one get so much kosher money from?" On the other hand, when
as a Cohen, he would receive the five selo'im
of pidyon haben, he would dance in joy and exclaim,
"This is kosher money!"
We however, seek company for our own money from among that
which belongs to others. Tzaddikim, whose own money
is precious to them, do not seek to obtain more from what
others have. The reason for this is, Chazal conclude,
"because they do not stretch their hand out to rob." They
are careful to avoid robbing or swindling, interpersonal
sins which the gemora at the end of Yoma (85,
87), tells us are not atoned for by Yom Kippur unless
the wrongdoer has appeased his victim. Who knows the number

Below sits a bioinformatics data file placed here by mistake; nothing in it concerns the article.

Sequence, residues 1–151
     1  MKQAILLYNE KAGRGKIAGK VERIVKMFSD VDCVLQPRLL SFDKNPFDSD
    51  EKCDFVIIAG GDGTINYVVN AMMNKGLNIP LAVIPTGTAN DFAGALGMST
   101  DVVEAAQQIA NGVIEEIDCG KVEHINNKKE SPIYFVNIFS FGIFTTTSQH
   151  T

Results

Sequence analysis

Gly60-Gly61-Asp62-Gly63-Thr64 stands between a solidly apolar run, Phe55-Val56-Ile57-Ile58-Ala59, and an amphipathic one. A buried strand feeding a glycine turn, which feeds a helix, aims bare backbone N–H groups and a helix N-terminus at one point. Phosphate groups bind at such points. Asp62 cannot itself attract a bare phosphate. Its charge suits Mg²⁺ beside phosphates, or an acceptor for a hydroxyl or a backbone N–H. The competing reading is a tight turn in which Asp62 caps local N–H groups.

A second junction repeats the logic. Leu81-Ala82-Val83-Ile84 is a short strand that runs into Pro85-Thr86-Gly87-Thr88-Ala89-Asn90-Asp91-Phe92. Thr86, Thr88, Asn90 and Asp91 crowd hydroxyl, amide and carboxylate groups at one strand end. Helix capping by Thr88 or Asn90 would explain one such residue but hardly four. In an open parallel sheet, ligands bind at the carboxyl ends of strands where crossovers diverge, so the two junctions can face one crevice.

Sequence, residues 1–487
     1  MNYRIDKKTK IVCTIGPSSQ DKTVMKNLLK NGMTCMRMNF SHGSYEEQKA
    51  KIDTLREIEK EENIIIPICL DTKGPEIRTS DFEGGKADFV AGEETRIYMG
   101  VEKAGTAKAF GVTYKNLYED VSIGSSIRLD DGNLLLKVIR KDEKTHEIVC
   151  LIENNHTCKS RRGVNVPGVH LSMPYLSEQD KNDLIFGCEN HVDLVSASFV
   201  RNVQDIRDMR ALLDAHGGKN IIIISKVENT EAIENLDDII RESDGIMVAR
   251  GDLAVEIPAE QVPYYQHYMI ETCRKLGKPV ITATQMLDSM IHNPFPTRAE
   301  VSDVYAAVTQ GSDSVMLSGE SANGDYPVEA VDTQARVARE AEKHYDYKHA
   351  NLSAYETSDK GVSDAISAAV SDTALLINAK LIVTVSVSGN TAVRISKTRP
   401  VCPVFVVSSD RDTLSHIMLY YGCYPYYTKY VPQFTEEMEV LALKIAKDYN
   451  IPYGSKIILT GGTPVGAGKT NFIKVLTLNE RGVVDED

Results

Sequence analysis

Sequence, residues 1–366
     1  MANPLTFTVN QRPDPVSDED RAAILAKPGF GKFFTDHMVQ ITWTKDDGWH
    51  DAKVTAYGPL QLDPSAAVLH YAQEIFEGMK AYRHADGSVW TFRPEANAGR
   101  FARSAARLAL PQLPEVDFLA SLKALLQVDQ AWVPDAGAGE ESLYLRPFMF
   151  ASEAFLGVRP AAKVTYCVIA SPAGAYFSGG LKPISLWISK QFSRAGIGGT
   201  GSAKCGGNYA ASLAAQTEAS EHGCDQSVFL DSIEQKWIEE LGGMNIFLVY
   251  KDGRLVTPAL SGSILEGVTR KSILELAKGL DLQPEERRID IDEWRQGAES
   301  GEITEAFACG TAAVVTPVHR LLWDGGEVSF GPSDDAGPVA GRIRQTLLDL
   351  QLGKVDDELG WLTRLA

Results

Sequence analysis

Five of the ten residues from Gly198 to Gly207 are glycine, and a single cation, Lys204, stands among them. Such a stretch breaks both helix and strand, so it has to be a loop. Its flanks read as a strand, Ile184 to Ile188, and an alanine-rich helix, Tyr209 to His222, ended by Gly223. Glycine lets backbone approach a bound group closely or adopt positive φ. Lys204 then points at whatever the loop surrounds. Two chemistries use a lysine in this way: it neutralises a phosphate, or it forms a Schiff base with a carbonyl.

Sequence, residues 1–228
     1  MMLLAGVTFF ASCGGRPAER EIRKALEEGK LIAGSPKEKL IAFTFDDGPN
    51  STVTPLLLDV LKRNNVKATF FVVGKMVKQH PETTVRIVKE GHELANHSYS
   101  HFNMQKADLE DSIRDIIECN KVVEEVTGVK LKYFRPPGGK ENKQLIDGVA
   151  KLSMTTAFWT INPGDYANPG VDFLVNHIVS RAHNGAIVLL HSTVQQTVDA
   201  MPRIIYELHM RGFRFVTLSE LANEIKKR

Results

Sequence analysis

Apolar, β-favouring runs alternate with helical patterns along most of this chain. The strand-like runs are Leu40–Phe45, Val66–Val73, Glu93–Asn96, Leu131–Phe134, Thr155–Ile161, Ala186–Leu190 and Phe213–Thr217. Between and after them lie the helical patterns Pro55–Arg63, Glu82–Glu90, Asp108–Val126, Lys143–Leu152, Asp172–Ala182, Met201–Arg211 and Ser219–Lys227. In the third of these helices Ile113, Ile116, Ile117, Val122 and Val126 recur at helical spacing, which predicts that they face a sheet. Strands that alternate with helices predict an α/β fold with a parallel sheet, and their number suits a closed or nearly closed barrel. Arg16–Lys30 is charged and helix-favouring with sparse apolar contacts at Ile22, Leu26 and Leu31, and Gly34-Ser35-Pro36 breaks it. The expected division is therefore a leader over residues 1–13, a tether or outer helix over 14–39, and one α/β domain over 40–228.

of prohibitions one can transgress by robbing and
overcharging?! It's fearsome and dreadful! It is said the
Beis Halevi once remarked, "I have been rov in Brisk for
twenty five years and nobody has yet come to ask me about
the kashrus of his rubles."
I heard the gaon HaRav Isaac Sher zt'l, ask
what great praise it is of tzaddikim to say that they
do not put their hands out to steal. Ordinary people are
also not robbers. He pointed out that it doesn't simply say
that they are not robbers. It says, "They do not stretch
their hands out to steal," meaning that even when there is
only a remote possibility of a transaction's being
dishonest, even if it is by no more than putting one's hand
out, tzaddikim keep their distance, lest they stumble
into transgressing the aveiro of stealing. We, on the
other hand, find all kinds of rationales for permitting this
type of thing, assuring ourselves and others that there is
no question of there being anything wrong with it.
Concerning tzaddikim, it says in Tanna Devei
Eliyohu that they prefer to refrain from one hundred
measures of what is permitted, in order to avoid even a
single measure of something forbidden.